WFMT will publish an interview on September 21 with Jahlil Beats, composer of the score for MUHAMMAD ALI, on wfmt.com and will also host a virtual Classical Conversation on September 9 featuring composer D.J. Sparr and librettist/lead Solomon Howard for the opera Approaching Ali, a one-act chamber opera with music by Sparr and libretto by Mark Campbell and Davis Miller, based on Miller’s memoir The Tao of Muhammad Ali and his story “My Dinner with Ali.” The discussion will focus on the creation of the work and the challenges in portraying one of the most popular people in the world. WFMT will also air a November 1975 Studs Terkel interview with Ali from the Studs Terkel Radio Archive.
MUHAMMAD ALI is a production of Florentine Films and WETA Washington, D.C. Corporate funding for MUHAMMAD ALI was provided by Bank of America. Major funding was provided by David M. Rubenstein. Major funding was also provided by The Arthur Vining Davis Foundations, the Corporation for Public Broadcasting, and by The Better Angels Society and by its members Alan and Marcia Docter; Mr. and Mrs. Paul Tudor Jones; The Fullerton Family Charitable Fund; Gilchrist and Amy Berg; The Brooke Brown Barzun Philanthropic Foundation, The Owsley Brown III Philanthropic Foundation and The Augusta Brown Holland Philanthropic Foundation; Perry and Donna Golkin; John and Leslie McQuown; John and Catherine Debs; Fred and Donna Seigel; Susan and John Wieland; Stuart and Joanna Brown; Diane and Hal Brierley; Fiddlehead Fund; Rocco and Debby Landesman; McCloskey Family Charitable Trust; Mauree Jane and Mark Perry; and Donna and Richard Strong.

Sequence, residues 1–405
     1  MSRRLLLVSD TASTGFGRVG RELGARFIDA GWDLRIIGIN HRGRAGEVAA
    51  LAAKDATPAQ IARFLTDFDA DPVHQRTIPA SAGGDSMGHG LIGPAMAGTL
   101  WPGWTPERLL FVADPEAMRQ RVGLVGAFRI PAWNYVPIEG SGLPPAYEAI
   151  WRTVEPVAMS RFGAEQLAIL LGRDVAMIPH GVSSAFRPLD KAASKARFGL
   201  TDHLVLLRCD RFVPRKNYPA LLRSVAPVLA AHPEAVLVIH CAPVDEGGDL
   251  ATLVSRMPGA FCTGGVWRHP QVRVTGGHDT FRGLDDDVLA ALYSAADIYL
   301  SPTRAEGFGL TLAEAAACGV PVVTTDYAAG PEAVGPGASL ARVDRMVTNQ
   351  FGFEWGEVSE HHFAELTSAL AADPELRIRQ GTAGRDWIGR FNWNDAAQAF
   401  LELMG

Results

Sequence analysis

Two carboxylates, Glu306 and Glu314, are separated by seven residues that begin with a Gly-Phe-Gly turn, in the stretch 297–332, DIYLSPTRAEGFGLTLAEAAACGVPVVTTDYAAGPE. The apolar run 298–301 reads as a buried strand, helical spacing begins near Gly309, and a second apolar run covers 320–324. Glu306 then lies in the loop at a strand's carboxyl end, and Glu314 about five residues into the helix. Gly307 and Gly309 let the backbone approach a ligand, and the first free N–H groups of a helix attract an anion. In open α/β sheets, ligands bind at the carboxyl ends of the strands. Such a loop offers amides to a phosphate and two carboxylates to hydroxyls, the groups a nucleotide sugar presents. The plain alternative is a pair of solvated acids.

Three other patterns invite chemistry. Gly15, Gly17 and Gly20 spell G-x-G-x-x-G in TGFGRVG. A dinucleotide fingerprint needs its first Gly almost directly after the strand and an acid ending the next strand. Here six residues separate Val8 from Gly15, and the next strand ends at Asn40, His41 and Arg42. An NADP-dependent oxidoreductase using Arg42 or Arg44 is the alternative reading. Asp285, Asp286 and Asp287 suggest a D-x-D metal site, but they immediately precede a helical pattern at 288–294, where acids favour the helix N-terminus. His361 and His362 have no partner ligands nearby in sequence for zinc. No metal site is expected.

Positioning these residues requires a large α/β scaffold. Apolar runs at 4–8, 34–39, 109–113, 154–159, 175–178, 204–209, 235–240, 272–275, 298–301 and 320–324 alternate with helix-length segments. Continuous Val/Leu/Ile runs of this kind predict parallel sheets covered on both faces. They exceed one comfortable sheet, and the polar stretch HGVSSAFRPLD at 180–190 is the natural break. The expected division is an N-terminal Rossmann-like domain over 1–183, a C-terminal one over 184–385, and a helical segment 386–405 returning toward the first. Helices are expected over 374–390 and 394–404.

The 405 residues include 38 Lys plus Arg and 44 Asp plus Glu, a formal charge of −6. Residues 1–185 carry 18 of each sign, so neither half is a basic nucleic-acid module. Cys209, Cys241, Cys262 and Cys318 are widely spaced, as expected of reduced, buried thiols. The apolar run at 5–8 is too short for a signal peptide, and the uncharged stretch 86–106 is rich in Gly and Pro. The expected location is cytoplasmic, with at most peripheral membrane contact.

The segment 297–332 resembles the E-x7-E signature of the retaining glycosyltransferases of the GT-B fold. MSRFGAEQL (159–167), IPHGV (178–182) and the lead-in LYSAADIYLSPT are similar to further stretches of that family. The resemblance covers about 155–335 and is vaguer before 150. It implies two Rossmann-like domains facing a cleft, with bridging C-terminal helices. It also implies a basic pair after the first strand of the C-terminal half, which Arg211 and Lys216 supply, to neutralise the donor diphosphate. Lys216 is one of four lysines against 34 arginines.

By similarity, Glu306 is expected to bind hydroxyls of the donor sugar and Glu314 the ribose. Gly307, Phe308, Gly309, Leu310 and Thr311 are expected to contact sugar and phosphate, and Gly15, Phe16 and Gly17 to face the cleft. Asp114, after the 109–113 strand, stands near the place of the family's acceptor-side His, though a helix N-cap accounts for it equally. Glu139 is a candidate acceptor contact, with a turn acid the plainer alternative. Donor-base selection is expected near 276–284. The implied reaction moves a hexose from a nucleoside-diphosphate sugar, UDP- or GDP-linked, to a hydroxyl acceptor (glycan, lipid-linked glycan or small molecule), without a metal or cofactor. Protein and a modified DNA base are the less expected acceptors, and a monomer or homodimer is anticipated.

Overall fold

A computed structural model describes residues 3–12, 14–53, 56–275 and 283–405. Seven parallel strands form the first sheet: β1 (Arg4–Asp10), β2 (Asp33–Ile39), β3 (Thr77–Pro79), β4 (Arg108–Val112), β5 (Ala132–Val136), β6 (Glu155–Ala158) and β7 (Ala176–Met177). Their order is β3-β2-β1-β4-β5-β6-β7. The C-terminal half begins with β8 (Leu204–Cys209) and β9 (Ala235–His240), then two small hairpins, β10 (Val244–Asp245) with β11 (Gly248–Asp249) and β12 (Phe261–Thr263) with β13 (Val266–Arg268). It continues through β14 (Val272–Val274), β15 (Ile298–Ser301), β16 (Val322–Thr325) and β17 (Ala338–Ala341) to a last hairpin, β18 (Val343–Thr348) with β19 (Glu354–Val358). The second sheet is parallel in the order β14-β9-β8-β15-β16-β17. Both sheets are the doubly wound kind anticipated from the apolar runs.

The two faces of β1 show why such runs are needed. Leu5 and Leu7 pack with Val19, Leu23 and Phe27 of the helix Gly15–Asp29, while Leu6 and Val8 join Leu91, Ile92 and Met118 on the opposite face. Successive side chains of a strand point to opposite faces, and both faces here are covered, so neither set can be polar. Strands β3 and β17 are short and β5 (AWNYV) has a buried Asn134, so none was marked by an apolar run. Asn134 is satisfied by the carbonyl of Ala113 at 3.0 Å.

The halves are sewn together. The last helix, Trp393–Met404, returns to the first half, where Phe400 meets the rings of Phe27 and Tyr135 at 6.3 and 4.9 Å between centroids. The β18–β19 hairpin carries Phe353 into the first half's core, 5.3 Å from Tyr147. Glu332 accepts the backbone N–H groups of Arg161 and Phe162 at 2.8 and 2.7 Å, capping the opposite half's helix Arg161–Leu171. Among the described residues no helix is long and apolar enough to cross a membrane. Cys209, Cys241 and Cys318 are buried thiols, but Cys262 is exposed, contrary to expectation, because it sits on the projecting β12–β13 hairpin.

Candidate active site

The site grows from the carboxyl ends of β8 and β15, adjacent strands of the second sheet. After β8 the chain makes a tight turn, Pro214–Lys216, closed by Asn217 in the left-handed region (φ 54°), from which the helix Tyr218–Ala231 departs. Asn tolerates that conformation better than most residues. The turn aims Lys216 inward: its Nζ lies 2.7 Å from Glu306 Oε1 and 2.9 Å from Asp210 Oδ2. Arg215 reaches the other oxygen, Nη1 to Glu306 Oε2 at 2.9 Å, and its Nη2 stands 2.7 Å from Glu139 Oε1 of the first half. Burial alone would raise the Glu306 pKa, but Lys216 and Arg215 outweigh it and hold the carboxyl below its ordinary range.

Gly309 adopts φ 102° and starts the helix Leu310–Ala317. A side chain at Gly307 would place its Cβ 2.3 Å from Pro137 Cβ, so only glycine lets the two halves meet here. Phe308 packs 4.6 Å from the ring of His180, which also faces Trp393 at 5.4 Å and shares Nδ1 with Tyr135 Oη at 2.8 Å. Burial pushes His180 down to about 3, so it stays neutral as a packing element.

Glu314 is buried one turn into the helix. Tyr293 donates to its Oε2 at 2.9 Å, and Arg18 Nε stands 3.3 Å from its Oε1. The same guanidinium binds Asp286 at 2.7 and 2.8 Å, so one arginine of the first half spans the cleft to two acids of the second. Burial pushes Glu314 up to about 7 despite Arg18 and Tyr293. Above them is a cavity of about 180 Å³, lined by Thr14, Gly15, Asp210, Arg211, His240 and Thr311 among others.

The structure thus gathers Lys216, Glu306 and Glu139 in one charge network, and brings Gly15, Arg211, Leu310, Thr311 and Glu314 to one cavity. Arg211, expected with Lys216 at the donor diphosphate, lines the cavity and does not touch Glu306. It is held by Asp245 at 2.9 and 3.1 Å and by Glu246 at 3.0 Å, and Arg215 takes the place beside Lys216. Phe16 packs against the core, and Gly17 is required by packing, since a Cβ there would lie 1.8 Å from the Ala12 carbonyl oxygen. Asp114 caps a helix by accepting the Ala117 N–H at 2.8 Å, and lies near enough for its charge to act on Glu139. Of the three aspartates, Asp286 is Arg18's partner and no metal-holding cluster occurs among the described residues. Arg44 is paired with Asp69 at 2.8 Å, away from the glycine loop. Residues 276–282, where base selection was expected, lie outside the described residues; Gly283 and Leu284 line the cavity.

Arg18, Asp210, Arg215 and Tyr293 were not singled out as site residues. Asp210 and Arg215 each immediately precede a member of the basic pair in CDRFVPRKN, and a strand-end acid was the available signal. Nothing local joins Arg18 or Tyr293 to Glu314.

The WTTW presentation of MUHAMMAD ALI is made possible, in part, by Binny’s Beverage Depot. Major support comes from Rita and John Canning, Marshall Field V, Denny and Sandy Cummings, Sylvia Furner, and WTTW members.
WTTW is the PBS member station in Chicago, committed to creating and presenting unique media content across distinct television and digital channels – WTTW, WTTW Prime, WTTW Create, WTTW World, WTTW PBS Kids 24/7, wttw.com, and the PBS/WTTW video app. Recognized for award-winning journalism and local productions – such as Chicago Tonight; Chicago by ‘L’; Check, Please!; digital-first series FIRSTHAND, Urban Nature, and Foodphiles; and national productions Prehistoric Road Trip and Nature Cat – WTTW presents the very best in public affairs, arts and culture, nature and science, history and documentary, and children’s public media content. Connect with WTTW on Facebook, Twitter, Instagram, and YouTube.
WFMT is one of the world’s most respected classical music radio stations, available on-air at WFMT 98.7FM, online at wfmt.com/listen, and on the WFMT app. WFMT showcases superlative programs, concerts, and live events including the Chicago Symphony Orchestra, Grant Park Music Festival, the Metropolitan Opera, the New York Philharmonic, San Francisco Symphony, and Ravinia Festival. WFMT is also a leading producer and syndicator of a diverse selection of outstanding musical series, including Exploring Music with Bill McGlaughlin, the Beethoven Network, and the Jazz Network. Connect with WFMT on Facebook, Twitter, and YouTube.